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MUSC Health Florence Medical Center is first in the State to conduct Robotic-Assisted Bronchoscopy

March 25, 2022
Dr. Hourany and other care team members performing robotic bronchoscopy.

MUSC Health Florence Medical Center is the first in the Pee Dee region to use robotic-assisted bronchoscopy to detect early lung cancer and the first in the state to offer a novel type of technology.
Using the new shape-sensing technology, an ultra-thin catheter and integrated vision probe, the robotic-assisted platform allows the robot to adjust the catheter’s movements precisely to match the CT scan of the patient’s lung airways and reach all 18 segments of the airways, says Dr. Ramzy Hourany, an MUSC Health Florence pulmonologist.

“The robot can match the CT scan precisely,” Dr. Hourany says. “That precision allows for a faster, accurate procedure to reach a lung nodule and biopsy it. That’s important because early lung cancer detection means we can treat and cure the patient,” he said.

About 70% of lung nodules are at the edge of the lung and difficult, if not impossible, to reach with traditional bronchoscopy. “We could not reach the outer limits of the lung, only the main airways,” Hourany says. “Now, we can go deeper and get to the edge of the lung. The lung and the airways are like the main highway road with secondary roads. The robot can travel those roads, reach your driveway, and knock on your door.”

Early lung cancer detection saves lives, Dr. Hourany says. Lung cancer is the leading cause of death worldwide. Approximately 230,000 people in the United States were diagnosed with lung cancer in 2021, and 130,000 will die.

“That is an enormous number,” Dr. Hourany said. “That’s why early detection is so important. We can reach a lung nodule as small as 0.7 centimeters and biopsy it with this technology. A pathologist can examine the tissue and determine if it is cancerous in minutes. The outpatient procedure is performed under general anesthesia, and patients can go home within hours.”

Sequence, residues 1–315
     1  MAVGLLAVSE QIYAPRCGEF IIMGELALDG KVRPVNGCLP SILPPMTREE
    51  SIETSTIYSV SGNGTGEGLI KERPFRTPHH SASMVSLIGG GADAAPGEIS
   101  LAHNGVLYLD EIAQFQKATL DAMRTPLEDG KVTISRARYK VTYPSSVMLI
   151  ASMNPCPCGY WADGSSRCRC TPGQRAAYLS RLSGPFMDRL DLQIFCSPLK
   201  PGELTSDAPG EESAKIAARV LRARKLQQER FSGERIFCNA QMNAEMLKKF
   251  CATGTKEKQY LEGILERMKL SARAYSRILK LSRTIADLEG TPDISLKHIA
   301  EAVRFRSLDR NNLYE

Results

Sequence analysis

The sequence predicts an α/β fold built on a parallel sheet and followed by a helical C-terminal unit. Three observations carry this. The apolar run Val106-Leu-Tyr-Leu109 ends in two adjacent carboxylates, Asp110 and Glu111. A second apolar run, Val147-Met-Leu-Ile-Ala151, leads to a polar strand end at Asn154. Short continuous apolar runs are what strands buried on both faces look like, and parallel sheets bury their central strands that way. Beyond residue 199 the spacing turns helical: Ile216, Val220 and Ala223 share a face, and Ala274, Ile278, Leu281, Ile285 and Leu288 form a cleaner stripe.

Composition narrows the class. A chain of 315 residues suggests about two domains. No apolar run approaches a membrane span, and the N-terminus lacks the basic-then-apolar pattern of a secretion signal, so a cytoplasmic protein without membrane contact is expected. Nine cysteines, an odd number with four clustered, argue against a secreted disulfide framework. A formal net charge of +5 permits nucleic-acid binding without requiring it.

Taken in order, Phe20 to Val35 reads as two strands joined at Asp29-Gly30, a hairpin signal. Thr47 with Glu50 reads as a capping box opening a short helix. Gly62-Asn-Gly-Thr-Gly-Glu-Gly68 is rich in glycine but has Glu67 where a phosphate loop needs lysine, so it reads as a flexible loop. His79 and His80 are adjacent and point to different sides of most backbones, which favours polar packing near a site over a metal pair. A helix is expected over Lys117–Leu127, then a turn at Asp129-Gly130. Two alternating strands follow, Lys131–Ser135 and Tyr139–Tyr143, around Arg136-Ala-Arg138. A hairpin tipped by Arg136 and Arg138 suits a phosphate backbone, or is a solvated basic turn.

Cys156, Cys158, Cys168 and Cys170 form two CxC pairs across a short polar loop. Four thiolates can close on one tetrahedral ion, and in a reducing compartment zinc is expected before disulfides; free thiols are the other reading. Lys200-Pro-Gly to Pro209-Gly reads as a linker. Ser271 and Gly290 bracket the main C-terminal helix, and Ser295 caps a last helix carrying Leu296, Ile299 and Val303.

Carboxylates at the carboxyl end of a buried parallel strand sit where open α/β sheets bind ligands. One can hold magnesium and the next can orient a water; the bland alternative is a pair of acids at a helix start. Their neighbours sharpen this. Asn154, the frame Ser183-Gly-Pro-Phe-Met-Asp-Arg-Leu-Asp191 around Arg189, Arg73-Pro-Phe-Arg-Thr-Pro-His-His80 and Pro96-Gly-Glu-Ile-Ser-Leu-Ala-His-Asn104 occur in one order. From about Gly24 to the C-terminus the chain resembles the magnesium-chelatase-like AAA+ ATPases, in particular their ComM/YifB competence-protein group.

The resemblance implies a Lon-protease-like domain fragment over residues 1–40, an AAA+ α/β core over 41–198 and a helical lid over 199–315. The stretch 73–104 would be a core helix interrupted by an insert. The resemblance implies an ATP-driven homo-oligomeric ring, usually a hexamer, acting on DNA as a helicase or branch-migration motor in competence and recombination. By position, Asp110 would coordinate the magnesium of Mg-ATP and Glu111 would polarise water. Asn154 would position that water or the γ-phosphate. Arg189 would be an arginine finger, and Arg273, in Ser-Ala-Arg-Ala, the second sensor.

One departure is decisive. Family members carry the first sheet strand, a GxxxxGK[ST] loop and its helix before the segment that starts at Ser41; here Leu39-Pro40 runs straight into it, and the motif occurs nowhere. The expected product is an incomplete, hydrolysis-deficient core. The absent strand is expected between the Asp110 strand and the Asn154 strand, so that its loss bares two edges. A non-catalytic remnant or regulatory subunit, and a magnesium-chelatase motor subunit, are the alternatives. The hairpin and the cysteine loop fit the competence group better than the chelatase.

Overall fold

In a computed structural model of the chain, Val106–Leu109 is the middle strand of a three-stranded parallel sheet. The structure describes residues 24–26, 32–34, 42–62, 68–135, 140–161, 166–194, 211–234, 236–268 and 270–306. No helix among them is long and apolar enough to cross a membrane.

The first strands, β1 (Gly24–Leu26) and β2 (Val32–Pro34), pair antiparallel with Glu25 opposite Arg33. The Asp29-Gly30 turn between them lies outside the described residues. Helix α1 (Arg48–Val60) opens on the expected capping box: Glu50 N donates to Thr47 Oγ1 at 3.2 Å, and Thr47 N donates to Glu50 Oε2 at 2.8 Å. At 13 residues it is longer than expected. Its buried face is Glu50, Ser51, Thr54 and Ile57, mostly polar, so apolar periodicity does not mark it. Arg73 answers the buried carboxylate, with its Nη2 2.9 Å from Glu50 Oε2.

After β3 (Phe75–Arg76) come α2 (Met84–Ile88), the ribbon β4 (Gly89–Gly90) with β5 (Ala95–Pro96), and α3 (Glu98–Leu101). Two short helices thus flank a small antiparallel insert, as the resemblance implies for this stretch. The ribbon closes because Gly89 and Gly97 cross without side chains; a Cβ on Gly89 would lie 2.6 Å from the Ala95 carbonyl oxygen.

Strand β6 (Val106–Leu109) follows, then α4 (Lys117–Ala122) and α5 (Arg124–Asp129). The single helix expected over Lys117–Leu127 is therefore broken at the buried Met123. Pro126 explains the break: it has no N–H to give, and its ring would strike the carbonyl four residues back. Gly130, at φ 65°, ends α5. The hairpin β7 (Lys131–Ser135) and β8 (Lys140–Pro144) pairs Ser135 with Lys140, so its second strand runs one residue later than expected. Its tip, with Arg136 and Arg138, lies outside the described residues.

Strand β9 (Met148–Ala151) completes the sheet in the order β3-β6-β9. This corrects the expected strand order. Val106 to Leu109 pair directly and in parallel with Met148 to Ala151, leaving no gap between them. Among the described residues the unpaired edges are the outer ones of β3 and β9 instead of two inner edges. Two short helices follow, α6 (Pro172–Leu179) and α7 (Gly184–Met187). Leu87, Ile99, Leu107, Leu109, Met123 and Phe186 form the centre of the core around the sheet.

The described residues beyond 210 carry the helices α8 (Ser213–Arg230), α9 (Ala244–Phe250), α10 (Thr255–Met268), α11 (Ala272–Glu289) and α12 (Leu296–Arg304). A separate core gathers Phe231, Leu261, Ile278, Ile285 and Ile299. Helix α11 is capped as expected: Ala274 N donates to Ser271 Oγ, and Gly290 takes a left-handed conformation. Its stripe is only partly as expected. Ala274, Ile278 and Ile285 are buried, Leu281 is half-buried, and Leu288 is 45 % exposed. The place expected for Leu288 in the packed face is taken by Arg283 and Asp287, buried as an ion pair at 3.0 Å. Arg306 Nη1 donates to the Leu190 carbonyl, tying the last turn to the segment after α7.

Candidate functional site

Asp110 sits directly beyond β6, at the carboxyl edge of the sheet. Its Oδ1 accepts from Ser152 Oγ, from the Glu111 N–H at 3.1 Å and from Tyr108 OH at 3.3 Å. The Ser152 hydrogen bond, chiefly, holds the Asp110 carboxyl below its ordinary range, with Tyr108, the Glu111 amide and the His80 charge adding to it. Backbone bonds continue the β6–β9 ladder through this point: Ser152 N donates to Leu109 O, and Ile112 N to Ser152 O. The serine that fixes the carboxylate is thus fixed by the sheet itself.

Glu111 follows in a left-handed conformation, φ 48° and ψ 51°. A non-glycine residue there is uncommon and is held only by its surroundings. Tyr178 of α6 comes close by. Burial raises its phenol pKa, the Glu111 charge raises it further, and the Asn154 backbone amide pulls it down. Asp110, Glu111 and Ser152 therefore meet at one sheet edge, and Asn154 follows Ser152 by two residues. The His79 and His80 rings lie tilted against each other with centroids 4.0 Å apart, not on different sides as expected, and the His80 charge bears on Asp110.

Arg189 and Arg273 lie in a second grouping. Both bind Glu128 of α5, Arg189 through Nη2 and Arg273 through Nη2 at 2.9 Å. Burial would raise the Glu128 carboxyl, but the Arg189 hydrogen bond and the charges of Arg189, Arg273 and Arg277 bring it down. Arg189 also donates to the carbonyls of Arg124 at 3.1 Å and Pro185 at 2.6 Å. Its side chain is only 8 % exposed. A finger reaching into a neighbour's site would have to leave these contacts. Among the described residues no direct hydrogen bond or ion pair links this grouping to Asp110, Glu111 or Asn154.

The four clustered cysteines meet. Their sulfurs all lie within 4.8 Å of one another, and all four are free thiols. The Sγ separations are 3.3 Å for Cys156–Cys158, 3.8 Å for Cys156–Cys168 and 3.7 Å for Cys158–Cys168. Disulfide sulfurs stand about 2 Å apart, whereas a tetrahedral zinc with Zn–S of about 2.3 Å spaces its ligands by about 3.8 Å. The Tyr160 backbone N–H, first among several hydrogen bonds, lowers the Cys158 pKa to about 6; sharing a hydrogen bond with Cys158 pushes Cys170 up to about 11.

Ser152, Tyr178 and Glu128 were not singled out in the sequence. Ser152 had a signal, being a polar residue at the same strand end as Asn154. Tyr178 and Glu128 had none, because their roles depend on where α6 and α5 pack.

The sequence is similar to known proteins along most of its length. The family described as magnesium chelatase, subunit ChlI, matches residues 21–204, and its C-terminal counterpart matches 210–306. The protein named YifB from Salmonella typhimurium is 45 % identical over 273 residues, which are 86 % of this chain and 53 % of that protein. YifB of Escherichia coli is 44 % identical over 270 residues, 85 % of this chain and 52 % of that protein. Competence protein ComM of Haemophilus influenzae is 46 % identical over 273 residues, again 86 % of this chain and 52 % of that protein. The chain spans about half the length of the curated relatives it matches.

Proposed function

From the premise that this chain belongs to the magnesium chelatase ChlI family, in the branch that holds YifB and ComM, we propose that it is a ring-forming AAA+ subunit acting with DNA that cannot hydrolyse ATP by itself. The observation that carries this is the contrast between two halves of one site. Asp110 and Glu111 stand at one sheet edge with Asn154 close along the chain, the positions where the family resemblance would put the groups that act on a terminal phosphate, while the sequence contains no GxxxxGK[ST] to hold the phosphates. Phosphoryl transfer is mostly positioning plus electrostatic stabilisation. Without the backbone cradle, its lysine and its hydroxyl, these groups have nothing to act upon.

Before advances in bronchoscopy, lung cancer usually wasn’t discovered until a patient complained of symptoms, such as shortness of breath, cough, or hemoptysis (coughing up blood). “By that time, it’s often too late to help the patient,” Dr. Hourany said. “Chemotherapy and radiation can aim at remission, but there’s a difference between cure and remission. Cure means there are no traces of cancer, and remission means the signs and symptoms of cancer are reduced.”

Dr. Hourany says MUSC Health Florence’s screening program is designed to identify patients at high risk for lung cancer. Qualified individuals must be from 50-80 years of age and be heavy smokers or former heavy smokers who have quit within the past 15 years and who have no symptoms. Program features include shared decision-making, in which the patient is informed about the program’s intentions and advantages, smoking cessation counseling, integration into a health care team, and an annual low-dose CT scan.

“We know 85-90 percent of lung cancer patients have a history of smoking. If we can identify these at-risk individuals, we can save lives,” Dr. Hourany says. “Early and regular screening, together with advanced technology, can save many lives.”

Dr. Ramzy Hourany is board-certified in pulmonology, critical care, and internal medicine at MUSC Health – Pulmonology in Florence. To make an appointment, or get more information about the lung screening program, please call MUSC Health – Pulmonology at 843-673-7529, or visit MUSC Health Florence Medical Center.